The funding dispute, centered on border security, left the nation’s overloaded immigration system digging out of an even deeper hole than before the five-week standoff, while temporarily sidelining a tool used to deny undocumented immigrants a chance to work.
The partial federal government shutdown, a funding dispute centered on border security, left the nation’s overloaded immigration system digging out of an even deeper hole than before the five-week standoff, The Wall Street Journal reports. The court backlog, at more than 800,000 cases before the funding gap that started Dec. 21, swelled by at least 80,000 as courts stopped hearing most cases and Justice Department lawyers were furloughed, stalling litigation over immigrant-family separations and asylum claims by people crossing the border between official entry points. The shutdown also closed E-Verify, the voluntary online system employers use to verify workers’ immigration status. Supporters of tighter immigration see E-Verify as one of the government’s most important tools because it frustrates illegal immigrants’ attempts to work in the U.S.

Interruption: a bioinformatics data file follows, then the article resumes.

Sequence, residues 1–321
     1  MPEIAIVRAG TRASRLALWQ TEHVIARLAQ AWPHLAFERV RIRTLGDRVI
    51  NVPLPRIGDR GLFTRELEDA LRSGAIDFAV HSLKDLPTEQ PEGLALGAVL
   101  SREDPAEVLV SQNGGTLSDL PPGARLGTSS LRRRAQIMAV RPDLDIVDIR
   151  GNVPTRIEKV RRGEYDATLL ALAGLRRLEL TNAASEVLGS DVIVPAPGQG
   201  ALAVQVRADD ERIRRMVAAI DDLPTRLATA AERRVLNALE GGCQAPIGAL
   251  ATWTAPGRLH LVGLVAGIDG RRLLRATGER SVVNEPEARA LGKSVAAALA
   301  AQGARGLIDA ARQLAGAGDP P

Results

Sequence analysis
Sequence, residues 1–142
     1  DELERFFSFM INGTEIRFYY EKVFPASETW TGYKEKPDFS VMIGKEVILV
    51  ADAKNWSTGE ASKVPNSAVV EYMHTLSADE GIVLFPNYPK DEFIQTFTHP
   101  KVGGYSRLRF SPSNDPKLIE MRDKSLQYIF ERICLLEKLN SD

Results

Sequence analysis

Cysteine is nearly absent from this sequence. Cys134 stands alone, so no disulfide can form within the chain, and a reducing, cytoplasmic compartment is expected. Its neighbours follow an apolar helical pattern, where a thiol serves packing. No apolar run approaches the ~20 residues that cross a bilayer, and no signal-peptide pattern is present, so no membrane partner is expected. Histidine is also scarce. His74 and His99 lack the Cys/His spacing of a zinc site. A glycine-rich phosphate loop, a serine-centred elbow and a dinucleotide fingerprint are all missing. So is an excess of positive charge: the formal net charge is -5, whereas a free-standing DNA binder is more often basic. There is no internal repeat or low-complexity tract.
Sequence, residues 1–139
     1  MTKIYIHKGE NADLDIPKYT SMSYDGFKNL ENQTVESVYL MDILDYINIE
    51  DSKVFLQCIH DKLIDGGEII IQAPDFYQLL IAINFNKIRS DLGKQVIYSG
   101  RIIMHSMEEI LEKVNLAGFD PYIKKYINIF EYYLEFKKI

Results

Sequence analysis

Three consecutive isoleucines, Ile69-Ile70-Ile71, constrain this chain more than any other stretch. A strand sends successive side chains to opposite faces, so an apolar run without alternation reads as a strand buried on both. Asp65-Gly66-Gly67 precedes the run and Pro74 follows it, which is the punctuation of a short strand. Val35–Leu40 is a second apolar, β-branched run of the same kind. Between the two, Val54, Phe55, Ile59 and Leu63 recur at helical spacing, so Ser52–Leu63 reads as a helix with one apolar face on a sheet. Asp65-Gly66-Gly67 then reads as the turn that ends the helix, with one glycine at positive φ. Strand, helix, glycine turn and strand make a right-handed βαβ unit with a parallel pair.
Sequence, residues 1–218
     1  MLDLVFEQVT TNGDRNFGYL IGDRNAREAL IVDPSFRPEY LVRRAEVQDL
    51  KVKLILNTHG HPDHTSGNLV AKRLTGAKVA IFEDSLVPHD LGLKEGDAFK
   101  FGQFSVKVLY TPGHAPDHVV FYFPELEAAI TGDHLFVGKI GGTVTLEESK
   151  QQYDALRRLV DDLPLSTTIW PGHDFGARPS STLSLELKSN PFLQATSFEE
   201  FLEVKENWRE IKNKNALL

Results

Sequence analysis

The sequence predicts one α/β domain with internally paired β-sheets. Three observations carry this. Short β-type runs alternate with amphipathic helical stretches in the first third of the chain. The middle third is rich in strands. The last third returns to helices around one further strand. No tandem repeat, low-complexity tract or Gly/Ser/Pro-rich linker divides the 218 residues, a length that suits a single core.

“It’s chaos on top of disaster,” Paul Wickham Schmidt, a retired immigration judge and former chairman of the Board of Immigration Appeals, told the Journal. “It’s already a system bursting at the seams.…We have a shutdown over border security and immigration, but they shut the mechanism that issues final deportations. How does that make sense?” Before the shutdown, the administration tried to accelerate the courts’ docket by imposing case-completion quotas on its 400 judges. The president also proposed adding 75 judges as part of an ultimately unsuccessful deal to end the shutdown.